Spain, Spain, Spain
Andrew Hunt has an excellent analysis of Spain’s balance of payments position, in which he argues that outflows from Spain have been a massive 20% of GDP in the year to 31st March. That means that it is hardly surprising that Spanish yields have risen.
What does one do with this information? The massive external deficit means that, in order to avoid soaring interest rates and a collapse in domestic demand, Spain needs inflows from the EU and ECB. Are these inflows happening? Clearly, yes. The Bank of Spain’s TARGET2 liabilities increased by EUR 235bn in the year to the end of March, and have increased another EUR 69bn in April and May (http://bit.ly/LLZZdC). Further, European governments have just agreed to lend up to EUR 100bn to Spain so that the country can recapitalise its banks. I therefore see no reason for an imminent collapse.
However, on this argument, I see no reason for Spanish bond yields to have increased at all, and this is exactly the point that has been perplexing me in recent days. Spain’s banks can borrow an unlimited amount from the Bank of Spain/ECB and Spain should therefore be able to sell them an unlimited amount of bonds. Why, then, are bond yields rising? I can see two potential reasons. The first is the view that I argued held for Greece and Ireland: the banks lost faith in the solvency of the sovereign, and were therefore not prepared to buy its bonds. It seems to me to be unlikely that Spanish banks would rationally take this view of their own sovereign. The second is that Spanish banks are on hold while they wait for a) details of their own recapitalisation and/or b) the Greek election. It is this second reason that I find most persuasive. Thus I expect Spain’s market access to return if and when these questions are resolved.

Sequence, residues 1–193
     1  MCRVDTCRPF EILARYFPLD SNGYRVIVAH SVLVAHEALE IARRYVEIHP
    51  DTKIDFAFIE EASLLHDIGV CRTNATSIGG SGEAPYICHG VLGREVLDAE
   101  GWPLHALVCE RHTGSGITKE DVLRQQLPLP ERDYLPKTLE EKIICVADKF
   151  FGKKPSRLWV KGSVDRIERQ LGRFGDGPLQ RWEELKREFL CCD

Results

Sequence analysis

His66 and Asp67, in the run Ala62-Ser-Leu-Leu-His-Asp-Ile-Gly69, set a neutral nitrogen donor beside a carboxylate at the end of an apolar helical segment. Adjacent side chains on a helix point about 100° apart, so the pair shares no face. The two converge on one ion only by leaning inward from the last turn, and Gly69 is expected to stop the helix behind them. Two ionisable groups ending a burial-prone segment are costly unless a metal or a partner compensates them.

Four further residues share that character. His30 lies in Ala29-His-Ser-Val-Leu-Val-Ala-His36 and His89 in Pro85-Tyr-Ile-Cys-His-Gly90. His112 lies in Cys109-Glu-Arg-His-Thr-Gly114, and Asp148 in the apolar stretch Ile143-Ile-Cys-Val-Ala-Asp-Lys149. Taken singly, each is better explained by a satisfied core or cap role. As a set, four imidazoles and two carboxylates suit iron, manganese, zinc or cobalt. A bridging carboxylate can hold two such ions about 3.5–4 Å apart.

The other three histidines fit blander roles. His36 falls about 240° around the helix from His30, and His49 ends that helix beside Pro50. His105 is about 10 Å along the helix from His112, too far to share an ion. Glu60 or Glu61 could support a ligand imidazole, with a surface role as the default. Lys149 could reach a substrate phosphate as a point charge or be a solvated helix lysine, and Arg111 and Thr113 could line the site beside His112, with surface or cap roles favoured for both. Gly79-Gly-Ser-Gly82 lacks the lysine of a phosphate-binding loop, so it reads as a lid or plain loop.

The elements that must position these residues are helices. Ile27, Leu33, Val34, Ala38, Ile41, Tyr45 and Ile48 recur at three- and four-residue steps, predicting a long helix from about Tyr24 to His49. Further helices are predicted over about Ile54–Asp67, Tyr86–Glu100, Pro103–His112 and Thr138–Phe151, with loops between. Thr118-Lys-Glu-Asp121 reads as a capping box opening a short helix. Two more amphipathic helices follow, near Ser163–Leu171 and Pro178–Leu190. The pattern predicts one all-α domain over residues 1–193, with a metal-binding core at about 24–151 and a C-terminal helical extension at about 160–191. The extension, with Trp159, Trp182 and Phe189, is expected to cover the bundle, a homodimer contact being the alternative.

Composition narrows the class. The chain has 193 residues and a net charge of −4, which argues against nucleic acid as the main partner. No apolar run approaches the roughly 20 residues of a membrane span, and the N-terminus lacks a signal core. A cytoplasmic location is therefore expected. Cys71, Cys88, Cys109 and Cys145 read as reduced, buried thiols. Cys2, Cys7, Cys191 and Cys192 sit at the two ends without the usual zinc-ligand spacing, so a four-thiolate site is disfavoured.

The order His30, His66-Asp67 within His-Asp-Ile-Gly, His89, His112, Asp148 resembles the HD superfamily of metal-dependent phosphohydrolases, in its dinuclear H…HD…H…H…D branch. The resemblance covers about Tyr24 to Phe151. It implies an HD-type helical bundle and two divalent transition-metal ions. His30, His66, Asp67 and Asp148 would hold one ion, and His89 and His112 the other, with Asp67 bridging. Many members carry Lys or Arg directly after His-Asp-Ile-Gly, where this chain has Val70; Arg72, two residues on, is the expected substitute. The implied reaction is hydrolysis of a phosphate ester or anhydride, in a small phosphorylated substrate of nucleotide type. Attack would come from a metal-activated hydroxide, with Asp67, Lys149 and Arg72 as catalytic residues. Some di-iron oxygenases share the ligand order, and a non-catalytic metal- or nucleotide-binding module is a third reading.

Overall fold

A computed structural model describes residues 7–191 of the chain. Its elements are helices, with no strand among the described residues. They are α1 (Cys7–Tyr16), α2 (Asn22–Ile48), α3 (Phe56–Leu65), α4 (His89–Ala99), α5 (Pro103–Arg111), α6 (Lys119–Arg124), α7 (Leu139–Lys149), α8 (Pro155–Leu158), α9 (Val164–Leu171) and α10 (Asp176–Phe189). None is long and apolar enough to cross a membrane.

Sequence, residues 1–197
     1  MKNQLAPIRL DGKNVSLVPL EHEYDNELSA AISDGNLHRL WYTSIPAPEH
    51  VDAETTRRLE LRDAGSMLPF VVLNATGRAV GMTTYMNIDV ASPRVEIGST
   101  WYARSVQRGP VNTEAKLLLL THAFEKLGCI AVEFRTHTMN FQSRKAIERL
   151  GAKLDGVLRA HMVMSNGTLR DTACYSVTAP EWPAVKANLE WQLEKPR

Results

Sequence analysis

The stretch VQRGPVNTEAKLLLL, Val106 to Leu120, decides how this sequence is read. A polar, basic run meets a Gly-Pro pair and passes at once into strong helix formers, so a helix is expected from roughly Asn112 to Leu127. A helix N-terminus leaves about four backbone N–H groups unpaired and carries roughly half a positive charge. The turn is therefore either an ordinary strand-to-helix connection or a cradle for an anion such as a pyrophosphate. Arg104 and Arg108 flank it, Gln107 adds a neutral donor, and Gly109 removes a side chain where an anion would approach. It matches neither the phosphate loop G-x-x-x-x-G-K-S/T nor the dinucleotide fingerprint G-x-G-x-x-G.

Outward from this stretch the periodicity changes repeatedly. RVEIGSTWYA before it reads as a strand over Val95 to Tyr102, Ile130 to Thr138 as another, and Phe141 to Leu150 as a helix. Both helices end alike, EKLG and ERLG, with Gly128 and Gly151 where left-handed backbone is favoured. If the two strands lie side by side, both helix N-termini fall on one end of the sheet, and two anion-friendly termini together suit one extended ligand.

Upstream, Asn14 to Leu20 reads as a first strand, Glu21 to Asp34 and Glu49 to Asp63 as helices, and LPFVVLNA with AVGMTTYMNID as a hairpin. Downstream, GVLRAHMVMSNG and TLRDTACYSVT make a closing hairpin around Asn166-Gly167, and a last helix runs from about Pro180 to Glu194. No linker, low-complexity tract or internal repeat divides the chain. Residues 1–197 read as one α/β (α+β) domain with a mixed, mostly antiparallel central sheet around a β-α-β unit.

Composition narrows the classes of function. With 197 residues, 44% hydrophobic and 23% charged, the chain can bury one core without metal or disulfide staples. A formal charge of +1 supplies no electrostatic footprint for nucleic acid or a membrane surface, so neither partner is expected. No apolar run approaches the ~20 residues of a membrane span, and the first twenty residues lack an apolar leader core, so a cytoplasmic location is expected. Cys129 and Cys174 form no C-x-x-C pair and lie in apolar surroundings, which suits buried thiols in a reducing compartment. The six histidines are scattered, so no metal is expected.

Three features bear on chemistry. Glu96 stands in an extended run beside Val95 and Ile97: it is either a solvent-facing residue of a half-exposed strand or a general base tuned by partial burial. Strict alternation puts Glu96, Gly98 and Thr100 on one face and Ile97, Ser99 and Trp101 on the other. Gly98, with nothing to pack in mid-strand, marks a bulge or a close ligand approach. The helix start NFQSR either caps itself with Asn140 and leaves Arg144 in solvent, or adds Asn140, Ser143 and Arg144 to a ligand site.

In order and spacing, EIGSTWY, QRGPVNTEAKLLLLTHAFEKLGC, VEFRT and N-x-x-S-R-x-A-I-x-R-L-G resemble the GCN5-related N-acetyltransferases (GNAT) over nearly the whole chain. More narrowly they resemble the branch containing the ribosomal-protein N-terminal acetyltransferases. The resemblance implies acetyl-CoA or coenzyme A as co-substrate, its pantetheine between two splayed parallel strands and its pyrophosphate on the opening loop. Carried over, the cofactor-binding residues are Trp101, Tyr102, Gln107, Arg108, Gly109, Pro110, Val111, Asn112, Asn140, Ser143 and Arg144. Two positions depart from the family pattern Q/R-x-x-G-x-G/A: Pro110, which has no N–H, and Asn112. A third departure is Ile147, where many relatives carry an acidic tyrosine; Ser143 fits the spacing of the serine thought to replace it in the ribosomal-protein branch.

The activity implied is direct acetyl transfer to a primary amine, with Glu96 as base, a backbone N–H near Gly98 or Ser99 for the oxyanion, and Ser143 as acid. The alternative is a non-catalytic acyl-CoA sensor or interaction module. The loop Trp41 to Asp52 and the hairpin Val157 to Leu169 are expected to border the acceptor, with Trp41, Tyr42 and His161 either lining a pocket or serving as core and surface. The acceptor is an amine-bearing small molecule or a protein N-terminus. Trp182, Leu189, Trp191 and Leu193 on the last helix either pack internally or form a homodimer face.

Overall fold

There is an argument that Spain’s capital needs make its continued presence in the Eurozone unsustainable. I do not think that this is true. If one took the capital outflows from Spain as exogenous and considered what they would mean for Europe on an ongoing basis, then the answer is ongoing transfers from the core to the periphery. Many consider this politically impossible, but I do not. It is already happening in huge size and, fundamentally, Europeans have an emotional commitment to EU integration (that we Anglo-Saxons do not share or understand).
If, on the other hand, one tries to construct a model in which capital outflows from Spain are endogenous, the prospect of an improvement appears. A simple model that I set out earlier in the week sees every negative point about Spain as a reason for incremental capital outflows. The negative points, I said, were: i) government’s failure to hit its deficit target in 2011, ii) the worsening recession, iii) its having become apparent that the banks need more capital than previously thought and iv) the Greek situation. Perhaps I should have summarised (i) and (ii) as v) the deteriorating debt-GDP dynamics. Austerity, which I have long argued was a bad idea, does not mean negative growth forever — (v) will eventually improve, which means that the EU’s task is to keep Spain going until it does. That task is large, but finite. (iii) is in the process of being dealt with. (iv) remains a major issue; but I do not believe that the EU will allow Greece to leave the Eurozone. The point here is that, in avoiding that disastrous outcome, the EU would deal with a major part of Spain’s problem. Thus I conclude that Spain’s capital-outflow problem, while huge, is in theory manageable, using just the kind of tools that have so far been employed, and ought to abate as (iii) and (iv) are resolved.